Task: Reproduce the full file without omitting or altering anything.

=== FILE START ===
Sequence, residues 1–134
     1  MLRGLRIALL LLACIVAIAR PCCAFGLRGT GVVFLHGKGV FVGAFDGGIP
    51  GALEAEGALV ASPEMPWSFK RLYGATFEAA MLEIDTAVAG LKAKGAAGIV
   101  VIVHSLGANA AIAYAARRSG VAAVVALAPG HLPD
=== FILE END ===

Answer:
Sequence, residues 1–134
     1  MLRGLRIALL LLACIVAIAR PCCAFGLRGT GVVFLHGKGV FVGAFDGGIP
    51  GALEAEGALV ASPEMPWSFK RLYGATFEAA MLEIDTAVAG LKAKGAAGIV
   101  VIVHSLGANA AIAYAARRSG VAAVVALAPG HLPD